January 29, 2009

Hyper-parenting and the taste of crow?

The source of my most recent humbling is a pledge made several years ago that I would never hyper-parent my children.

Hyper-parenting, you may recall, is the term coined years ago by a psychiatrist describing parents who over-schedule their children in an attempt to enrich their lives. They drag them from one activity to another, always keeping something on the schedule.

As it turns out, experts say this is bad for both the children and their parents. I frequently belittled those parents and felt quite superior in my parenting skills. I hesitate to go so far as to call myself supercilious, but I was knocking at its door.

Full story: Dad has to eat his words about parenting … again

January 27, 2009

Salmonella Outbreak Worrisome

Nancy Shute, expert writer on all things parenting for US News and World Report, has just described the current salmonella outbreak as the ’scariest’ she’s ever seen. Her fears don’t stem from the number of people sickened (491 and counting) or killed (seven so far) or the widespread geographical scope of the outbreak (43 states and Canada). Her concern is for the extremely large number of common supermarket items that are made from peanuts, peanut butter, or peanut paste.

Many items under suspicion of contamination are common products easily kept at room temperature, don’t require cooking, and are packaged to make them so easy to keep handy. Those same characteristics create an ideal living environment for the bacteria that is making so many people so sick.

Full story: Parenting Expert Says Current Salmonella Outbreak is ‘Scariest’ Ever

January 26, 2009

Sharing Bed With Infants A Bad Idea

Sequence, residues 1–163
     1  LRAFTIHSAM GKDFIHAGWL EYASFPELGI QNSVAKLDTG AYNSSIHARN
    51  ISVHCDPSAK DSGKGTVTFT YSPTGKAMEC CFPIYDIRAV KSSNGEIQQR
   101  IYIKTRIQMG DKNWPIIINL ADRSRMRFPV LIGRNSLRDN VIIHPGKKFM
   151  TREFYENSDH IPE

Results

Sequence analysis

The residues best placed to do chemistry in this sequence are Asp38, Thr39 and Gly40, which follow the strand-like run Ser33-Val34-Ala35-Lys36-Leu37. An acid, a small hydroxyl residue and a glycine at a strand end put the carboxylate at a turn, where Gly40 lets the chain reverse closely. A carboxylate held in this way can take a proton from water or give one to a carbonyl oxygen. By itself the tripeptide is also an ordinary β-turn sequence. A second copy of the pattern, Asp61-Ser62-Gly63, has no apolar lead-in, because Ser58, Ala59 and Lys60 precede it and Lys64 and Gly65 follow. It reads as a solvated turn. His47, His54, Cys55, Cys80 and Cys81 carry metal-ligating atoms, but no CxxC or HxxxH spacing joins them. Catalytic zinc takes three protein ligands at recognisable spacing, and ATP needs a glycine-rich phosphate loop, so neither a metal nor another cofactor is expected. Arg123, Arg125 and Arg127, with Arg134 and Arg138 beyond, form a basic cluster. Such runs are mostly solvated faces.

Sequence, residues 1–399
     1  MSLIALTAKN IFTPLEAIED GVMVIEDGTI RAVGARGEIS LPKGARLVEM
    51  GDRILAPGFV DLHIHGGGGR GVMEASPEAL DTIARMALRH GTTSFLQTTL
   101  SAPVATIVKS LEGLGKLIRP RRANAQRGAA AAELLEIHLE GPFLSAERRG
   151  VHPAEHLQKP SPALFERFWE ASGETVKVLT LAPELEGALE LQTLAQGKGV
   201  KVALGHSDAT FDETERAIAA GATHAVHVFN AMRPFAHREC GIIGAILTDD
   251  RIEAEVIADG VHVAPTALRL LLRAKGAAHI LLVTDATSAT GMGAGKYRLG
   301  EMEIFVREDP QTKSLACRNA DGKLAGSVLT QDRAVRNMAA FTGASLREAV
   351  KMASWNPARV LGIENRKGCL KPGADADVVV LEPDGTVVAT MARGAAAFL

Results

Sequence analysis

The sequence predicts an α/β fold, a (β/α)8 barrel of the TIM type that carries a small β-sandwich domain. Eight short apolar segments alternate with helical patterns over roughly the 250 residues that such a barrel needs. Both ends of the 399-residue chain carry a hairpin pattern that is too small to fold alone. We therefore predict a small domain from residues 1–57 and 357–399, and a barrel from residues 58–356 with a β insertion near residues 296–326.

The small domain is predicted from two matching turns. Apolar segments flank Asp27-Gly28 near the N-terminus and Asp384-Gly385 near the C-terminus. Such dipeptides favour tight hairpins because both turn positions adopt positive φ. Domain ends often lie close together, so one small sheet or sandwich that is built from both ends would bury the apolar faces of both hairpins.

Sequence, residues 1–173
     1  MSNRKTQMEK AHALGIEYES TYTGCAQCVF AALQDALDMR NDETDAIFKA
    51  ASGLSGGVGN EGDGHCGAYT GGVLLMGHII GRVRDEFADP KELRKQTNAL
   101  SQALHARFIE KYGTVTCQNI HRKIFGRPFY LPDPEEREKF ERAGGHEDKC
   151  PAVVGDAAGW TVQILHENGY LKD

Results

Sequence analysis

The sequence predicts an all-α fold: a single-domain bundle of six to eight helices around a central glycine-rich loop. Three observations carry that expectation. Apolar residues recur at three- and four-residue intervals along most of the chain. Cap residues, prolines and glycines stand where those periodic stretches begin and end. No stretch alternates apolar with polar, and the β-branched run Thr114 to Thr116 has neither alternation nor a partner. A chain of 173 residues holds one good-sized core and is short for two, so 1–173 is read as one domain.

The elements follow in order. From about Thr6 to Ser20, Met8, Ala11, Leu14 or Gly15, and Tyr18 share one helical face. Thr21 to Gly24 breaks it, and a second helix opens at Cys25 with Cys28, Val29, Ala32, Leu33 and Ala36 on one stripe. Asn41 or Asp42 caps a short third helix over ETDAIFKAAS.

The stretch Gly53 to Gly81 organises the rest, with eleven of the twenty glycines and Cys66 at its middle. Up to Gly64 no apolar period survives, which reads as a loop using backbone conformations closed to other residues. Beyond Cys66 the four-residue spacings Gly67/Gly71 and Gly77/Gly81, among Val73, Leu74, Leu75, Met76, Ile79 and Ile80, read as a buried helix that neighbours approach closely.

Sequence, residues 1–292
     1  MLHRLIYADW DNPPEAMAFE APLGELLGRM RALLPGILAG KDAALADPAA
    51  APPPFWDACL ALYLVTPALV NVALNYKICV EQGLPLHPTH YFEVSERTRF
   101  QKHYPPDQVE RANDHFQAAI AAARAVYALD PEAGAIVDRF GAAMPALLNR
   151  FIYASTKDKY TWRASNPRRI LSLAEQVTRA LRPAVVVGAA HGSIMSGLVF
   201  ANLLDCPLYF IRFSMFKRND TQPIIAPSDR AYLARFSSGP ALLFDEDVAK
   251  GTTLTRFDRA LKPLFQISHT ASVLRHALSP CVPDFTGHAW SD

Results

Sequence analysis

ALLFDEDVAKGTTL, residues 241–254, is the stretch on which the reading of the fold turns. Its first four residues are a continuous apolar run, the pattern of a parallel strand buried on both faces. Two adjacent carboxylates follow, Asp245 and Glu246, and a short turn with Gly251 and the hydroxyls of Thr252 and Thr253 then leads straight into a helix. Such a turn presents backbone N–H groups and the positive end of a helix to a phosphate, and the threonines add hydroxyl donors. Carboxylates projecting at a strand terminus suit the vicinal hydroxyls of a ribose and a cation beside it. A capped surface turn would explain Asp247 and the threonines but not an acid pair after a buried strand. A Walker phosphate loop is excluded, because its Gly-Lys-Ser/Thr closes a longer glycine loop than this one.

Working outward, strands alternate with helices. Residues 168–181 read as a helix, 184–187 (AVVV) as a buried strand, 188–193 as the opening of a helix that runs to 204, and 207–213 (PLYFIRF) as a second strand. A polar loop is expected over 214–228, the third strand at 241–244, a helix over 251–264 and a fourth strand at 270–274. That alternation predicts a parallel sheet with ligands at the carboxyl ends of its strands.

The rate of accidental suffocation deaths among babies increased fourfold over the past two decades, according to a new study, despite a national campaign to encourage safe infant sleeping.

Authors of the study, which appears today in the journal Pediatrics, say the nationwide increase probably is the result of more thorough investigations and changes in how deaths are classified. Nevertheless, the researchers and local medical experts said the figures reflect a continuing problem and highlight concerns about whether babies should sleep in the same beds as their parents or siblings.

“These deaths are likely preventable,” said Carrie K. Shapiro-Mendoza, an epidemiologist at the federal Centers for Disease Control and Prevention and lead author of the study. “So this problem is ongoing, and we should not divert our attention. … We need an infusion of more efforts to make them reduce further.”

Researchers have long studied Sudden Infant Death Syndrome, a term that refers to infant deaths that cannot be explained after a medical investigation. Shapiro-Mendoza’s study sought to find out if a newer, more specific category of infant death – by strangulation or suffocation – was increasing.

Full story: Don’t share bed with infant, parents told

Donating Umbilical Cord Blood

Today more than 70 diseases are being treated using stem cells and the possibilities for these remarkable cells keep growing. I’m not alone when I tell you that in the future stem cells will be used to cure and treat diseases now fatal or disabling. Stem cell discoveries in the 21st century will be like the antibiotic boom in the last century.

The reason for the explosion in stem cell research is because these cells have the remarkable ability to develop into almost any type of cell in the body. It’s a complicated process, but after years of successful research, stem cells are now considered standard therapy in the treatment of many serious diseases such as leukemia, lymphoma, some bone marrow diseases like multiple myeloma and some immune system diseases. And the list is growing.

Full story: Banking on cord blood

January 23, 2009

Father Lets 8 Year Old Accidently Shoot Himself

I mean, how much stupider can you get as a parent? Allowing an 8 yr old to participate in a shooting contest?

Dr. Charles Bizilj stood 10 feet behind his son this weekend at a “Machine Gun Shoot” in Westfield, where the third grader aimed an Uzi at a pumpkin in the distance.

As Bizilj reached for his camera, the boy clutched the gun in his arms and squeezed the trigger. The Uzi flipped backwards and 8-year-old Christopher Bizilj fatally shot himself in the head.

Full story: Grieving father says he gave son, 8, permission to fire Uzi